FIU’s defense has not had an easy time of it this season. In the first three games, the Panthers have given up, in order: 420 yards against Duke, 411 against Akron and 431 against UCF.
That’s an average of 421 yards per game, which is hard to figure out because it was the defense that FIU went into the season thinking would be the team’s strength. So far, instead of doing the bruising, the Panthers’ defense has been absorbing the bruises.
And matters don’t get easier. This week, the Panthers (1-2) take on what likely could be the most prolific offensive team on their schedule in 3-0 Louisville, which is No. 20 in the nation.
“It’s a helluva challenge for us,” defensive coordinator Todd Orlando said of the game at 7 p.m. Saturday at FIU Stadium. “But there will be no flinching from our standpoint. Nobody is going to back down from anybody. We’re a 1-2 football team, and we’re trying hard to get better.”
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Leading the Cardinals is quarterback Teddy Bridgewater (Miami Northwestern), who has put together some mind-numbing statistics and even has had the words “Heisman candidate” appear near his name.
Bridgewater has completed 72 of 88 passes (yes, an 81.8 completion rate) for an average of 285 yards per game with five touchdowns.
“He’s a heckuva player,” Orlando said. “Everybody is raving about the kid.”
Orlando knows what was expected of his defense before the season and also knows that high expectations have not been reached at this point.
“Obviously, we have not achieved what we wanted,” he said. “Expectations are expectations, and we’re working every day to change the mental mistakes we have been making.”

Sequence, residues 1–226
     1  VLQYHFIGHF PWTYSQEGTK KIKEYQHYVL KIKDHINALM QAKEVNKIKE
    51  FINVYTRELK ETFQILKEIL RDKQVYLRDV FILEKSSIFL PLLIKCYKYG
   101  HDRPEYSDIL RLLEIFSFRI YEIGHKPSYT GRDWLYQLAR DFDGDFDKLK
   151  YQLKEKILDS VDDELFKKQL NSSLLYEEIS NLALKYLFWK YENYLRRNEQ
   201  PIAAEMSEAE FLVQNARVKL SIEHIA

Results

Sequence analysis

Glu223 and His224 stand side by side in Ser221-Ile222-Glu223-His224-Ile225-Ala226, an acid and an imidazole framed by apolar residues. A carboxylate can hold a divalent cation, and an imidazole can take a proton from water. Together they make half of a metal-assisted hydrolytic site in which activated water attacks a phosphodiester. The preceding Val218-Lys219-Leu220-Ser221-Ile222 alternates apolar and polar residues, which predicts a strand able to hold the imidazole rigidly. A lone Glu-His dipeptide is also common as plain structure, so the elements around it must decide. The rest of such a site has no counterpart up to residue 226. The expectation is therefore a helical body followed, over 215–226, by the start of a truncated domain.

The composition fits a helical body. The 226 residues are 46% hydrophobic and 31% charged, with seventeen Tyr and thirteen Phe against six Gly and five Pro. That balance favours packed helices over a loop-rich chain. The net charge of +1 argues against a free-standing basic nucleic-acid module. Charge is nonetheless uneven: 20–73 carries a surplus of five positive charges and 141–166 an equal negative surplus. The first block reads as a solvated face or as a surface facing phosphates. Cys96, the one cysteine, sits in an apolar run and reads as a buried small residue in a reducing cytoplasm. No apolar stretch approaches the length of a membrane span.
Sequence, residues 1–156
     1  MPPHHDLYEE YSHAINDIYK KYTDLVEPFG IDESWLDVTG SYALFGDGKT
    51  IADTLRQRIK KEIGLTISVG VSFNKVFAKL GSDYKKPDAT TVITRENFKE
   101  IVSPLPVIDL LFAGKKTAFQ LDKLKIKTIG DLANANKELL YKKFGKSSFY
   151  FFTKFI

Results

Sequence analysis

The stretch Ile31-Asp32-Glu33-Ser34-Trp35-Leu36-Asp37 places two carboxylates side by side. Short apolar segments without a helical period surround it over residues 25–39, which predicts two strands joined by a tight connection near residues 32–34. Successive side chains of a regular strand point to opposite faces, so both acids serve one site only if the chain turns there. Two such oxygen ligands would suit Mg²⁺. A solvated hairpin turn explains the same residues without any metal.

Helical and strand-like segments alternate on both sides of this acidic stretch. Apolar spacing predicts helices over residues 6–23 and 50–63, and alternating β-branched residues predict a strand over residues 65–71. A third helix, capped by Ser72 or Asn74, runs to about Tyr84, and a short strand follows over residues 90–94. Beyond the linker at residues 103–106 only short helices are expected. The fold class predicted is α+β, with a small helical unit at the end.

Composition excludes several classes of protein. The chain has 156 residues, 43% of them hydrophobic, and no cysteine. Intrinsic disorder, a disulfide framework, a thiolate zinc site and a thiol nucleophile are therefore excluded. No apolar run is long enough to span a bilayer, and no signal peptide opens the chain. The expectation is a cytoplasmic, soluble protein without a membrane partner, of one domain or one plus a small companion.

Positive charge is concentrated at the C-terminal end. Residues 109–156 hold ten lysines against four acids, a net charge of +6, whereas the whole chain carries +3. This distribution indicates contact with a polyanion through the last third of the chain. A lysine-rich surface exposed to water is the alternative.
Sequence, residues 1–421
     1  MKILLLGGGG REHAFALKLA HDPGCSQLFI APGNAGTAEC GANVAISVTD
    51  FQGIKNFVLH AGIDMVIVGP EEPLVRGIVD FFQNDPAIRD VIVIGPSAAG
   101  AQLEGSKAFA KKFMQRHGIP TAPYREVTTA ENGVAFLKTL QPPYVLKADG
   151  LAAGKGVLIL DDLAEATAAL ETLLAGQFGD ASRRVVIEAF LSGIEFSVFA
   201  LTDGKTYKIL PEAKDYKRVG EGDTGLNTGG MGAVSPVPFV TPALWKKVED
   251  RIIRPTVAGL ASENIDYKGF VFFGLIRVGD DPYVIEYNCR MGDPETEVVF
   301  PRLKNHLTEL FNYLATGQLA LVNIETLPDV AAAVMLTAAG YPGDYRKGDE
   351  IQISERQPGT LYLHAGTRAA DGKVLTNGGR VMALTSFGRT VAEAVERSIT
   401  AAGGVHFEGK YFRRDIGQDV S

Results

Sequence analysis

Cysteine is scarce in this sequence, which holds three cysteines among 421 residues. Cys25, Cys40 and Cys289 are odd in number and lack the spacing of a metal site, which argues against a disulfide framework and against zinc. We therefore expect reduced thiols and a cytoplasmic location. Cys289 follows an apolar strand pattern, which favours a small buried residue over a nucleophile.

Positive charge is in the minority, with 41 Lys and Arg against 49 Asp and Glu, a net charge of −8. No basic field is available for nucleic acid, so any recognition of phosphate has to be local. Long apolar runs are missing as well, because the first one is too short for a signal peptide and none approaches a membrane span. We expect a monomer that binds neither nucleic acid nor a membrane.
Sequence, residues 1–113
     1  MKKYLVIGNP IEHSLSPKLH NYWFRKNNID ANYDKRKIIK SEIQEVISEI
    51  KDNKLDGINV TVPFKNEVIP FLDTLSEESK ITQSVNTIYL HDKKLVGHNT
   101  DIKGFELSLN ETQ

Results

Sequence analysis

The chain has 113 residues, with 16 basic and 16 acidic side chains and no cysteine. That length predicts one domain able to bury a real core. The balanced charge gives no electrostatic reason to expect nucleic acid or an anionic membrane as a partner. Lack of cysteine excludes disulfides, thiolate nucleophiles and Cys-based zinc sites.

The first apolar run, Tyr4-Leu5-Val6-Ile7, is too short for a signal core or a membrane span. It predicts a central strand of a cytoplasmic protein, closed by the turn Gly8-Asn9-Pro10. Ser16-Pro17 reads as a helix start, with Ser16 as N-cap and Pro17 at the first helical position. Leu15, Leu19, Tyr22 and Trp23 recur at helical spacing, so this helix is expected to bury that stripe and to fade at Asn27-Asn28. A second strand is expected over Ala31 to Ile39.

Slow starts have plagued FIU. It trailed Duke in the opener 37-14 at halftime, giving up 30 points in the second quarter. The Panthers won the second half 12-9. In the second game, FIU trailed Akron 20-14 at halftime before winning the second half 24-18 and then pulling out an overtime win. Against UCF, FIU trailed 23-0 at halftime before winning the second half 20-10.
But the Panthers are well aware that winning a second half doesn’t necessarily mean winning a game.
“I would say our woes have been mainly around the second quarter,” Orlando said. “The majority of our mistakes are mental mistakes. Our kids understand the deal. They know what they have to do. They are strong-minded kids.”
Coach Mario Cristobal agreed about the mental toughness of his players.
“The one thing in football you can’t fix is heart,” he said. “If you don’t have heart, you can’t play this game. That is not a problem with us.”
Cristobal is aware of the first halves that have kept his team constantly fighting from behind.
“Central Florida was a tale of two halves,” Cristobal said. “In the first half we allowed them to convert on eight of 11 third downs, and they held the ball for 21 1/2 minutes. We did show flashes of what we can be in the second half. It’s a matter of consistency and continued improvement.”
“Certainly our guys are busting their butts. You grade effort and you grade performance. Performance on several occasions was very good. The effort has always been extremely good.”